When manufacturing magnetic assemblies, there is additional risk involved when utilizing magnetized magnets due to the nature of the components. There is risk to both the assembly itself and the technician.
Learn more about this process, and why you should assemble before you magnetize.
Risks Associated with Assembling SmCo Magnet
Assembling magnetized magnets carries additional risk due to the effects of magnetization on the assembly components. A detailed description of such risks includes the following.
Risk to Assembly
There is threat to both the conformance and the performance of the assembly. Magnets can easily chip or break, creating foreign object debris (FOD) during assembly and reducing the magnetic volume, and therefore net magnetic field, of the final product. These small particulates can be attracted to the magnetized magnets, causing dimensional risk because they can wedge between mating surfaces, thereby offsetting dimensions.
These issues could also jeopardize the strength of the magnetic assembly. Some magnetic alloys do not achieve full power unless they are magnetized in the sub-assembly. These include Alnico, which is a magnetic alloy with a brittle composition, and ceramic (Ferrite) magnets, which are a manufactured metallic oxide.
Assembling with strong magnets can also damage other assembly components, whether through a crushing action or via dents after collisions. Magnetized magnets can also result in decreased corrosion resistance by damaging the conformal coating or plating layer of the magnet.
Risk to Technicians
In addition to the risks to the assembly itself, there are dangers present for the technician performing the assembly. Assembling strong magnets can cause injury due to pinching hazards present, and the possibility of eye injury due to flying chips after a strong magnet collides with another object.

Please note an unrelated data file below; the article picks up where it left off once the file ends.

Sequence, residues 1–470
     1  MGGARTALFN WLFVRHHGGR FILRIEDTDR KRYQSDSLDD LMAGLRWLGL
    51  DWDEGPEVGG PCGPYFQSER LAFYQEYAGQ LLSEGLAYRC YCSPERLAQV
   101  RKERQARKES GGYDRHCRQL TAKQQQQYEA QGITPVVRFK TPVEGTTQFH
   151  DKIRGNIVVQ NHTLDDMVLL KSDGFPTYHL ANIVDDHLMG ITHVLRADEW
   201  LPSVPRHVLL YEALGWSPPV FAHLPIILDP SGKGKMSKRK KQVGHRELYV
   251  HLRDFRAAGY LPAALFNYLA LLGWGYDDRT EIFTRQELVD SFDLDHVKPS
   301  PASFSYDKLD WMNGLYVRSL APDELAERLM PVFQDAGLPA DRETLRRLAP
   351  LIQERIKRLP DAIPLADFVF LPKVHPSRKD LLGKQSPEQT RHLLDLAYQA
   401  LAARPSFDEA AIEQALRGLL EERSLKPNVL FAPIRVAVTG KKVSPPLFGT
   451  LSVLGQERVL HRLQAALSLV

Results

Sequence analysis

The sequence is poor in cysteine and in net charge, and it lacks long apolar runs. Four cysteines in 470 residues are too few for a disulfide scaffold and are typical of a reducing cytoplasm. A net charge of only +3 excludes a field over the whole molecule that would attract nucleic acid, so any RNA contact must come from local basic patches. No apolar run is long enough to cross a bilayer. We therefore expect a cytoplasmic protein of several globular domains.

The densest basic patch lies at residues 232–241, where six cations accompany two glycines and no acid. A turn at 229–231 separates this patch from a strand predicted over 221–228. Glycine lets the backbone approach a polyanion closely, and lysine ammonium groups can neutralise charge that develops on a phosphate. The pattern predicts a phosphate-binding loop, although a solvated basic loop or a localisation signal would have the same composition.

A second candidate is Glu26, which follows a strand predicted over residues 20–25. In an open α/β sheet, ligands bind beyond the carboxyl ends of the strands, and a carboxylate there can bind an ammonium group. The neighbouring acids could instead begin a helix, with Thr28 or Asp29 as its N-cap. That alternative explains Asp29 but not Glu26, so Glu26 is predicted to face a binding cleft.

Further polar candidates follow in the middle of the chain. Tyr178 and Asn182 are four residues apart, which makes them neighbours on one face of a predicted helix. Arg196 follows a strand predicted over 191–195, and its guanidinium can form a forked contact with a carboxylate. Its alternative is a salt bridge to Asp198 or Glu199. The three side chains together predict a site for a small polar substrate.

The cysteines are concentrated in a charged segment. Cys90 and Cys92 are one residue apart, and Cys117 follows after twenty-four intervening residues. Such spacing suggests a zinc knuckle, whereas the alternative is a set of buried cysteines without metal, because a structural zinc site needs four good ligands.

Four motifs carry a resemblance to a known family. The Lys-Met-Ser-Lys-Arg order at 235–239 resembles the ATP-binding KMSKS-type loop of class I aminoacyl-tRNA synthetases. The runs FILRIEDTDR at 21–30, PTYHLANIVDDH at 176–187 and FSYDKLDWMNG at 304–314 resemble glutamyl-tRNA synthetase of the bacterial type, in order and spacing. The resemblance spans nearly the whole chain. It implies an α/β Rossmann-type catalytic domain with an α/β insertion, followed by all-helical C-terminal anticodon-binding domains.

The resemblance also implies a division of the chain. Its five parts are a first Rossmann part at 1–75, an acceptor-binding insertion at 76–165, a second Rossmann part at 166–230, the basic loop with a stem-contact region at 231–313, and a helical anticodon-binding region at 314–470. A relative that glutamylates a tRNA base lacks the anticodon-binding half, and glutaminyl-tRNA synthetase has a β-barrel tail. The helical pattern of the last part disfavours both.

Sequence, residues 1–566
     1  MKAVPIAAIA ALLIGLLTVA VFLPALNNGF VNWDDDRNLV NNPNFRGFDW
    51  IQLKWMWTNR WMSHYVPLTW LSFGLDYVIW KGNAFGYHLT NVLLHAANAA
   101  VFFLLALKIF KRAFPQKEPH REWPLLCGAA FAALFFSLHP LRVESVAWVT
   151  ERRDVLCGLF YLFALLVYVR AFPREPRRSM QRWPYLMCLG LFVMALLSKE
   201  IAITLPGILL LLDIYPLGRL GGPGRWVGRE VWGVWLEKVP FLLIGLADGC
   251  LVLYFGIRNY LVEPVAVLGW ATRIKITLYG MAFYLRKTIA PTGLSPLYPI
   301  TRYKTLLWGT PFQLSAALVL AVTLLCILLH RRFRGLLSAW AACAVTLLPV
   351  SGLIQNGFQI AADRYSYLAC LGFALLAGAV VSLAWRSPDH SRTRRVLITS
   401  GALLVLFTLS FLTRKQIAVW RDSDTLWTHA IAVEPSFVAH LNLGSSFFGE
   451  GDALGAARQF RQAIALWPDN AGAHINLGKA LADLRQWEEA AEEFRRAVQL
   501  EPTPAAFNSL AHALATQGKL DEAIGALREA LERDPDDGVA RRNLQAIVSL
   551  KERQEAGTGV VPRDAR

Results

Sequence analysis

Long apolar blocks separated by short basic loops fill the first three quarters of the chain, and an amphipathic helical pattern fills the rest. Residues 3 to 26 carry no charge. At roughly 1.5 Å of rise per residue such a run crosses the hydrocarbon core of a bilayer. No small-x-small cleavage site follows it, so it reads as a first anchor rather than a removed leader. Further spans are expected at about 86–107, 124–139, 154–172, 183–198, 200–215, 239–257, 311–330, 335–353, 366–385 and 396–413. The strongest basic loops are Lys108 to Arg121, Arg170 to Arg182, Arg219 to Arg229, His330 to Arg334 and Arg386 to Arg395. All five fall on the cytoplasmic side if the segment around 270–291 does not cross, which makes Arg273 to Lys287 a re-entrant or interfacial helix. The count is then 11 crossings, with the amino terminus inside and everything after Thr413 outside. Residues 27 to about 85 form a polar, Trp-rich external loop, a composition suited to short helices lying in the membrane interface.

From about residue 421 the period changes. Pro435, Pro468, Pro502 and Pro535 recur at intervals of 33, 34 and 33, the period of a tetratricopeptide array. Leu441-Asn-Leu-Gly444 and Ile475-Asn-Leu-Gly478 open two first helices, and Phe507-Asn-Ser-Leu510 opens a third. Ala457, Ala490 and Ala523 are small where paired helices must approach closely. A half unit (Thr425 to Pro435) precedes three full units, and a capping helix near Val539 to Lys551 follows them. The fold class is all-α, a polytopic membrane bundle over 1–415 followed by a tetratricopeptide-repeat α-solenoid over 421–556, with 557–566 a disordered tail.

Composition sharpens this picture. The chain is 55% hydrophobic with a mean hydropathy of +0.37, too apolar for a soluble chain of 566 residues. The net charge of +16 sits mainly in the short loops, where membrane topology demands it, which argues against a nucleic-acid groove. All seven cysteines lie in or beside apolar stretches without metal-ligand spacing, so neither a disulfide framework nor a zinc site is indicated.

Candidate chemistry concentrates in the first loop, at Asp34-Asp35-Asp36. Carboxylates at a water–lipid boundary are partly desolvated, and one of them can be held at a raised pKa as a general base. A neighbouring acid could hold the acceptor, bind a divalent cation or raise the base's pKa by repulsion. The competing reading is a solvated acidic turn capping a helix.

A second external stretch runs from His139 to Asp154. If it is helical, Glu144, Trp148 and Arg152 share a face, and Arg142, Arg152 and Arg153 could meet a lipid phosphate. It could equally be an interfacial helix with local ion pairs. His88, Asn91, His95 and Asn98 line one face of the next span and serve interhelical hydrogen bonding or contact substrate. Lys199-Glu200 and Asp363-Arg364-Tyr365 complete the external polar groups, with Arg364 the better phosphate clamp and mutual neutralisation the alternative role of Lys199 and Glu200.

Finally, there is an added cost to assembling magnetized magnets because the process involves the additional requirement of fixturing. Fixturing is necessary to contain and locate the magnetized magnets, as well as to potentially “de-stack” the magnetized magnets when necessary. Training and space are also required when constructing magnetized assemblies. It is important to properly train technicians in order to avoid injuries detailed above. Lastly, it is necessary to keep magnetized components clear of each other, increasing the staging cost.
All of these risks can be surmounted by magnetizing the magnet only after integration into the assembly.
Un-magnetizing magnets in assemblies
It is often beneficial to un-magnetize the magnets before integration into assemblies. This applies to subassemblies as well. Un-magnetizing the magnets reduces foreign object debris on the magnet, and reduces risk to technicians, as they are only handling safe, unmagnetized magnets. Another key benefit is the reduction of magnet collisions resulting in damage. Lastly, performing the post-assembly machining is more efficient on un-magnetized parts, as they are easier to clean and machine precisely.
Grinding and machining magnet alloys with conventional metals
It is important to understand the challenges present in grinding and machining assemblies. Magnet alloys are often combined with conventional metals as opposed to conventional metal alloys. The magnetic alloy can be hard and brittle in comparison, making them vulnerable to damage. Therefore, the grinding methods and wheels that are suitable for magnetic alloys are seldom ideal for conventional metals and vice versa. This is because the grinding wheels can “load up” with the softer conventional metals and damage the magnet alloy, which are subject to cracking and breaking when machined by conventional means.
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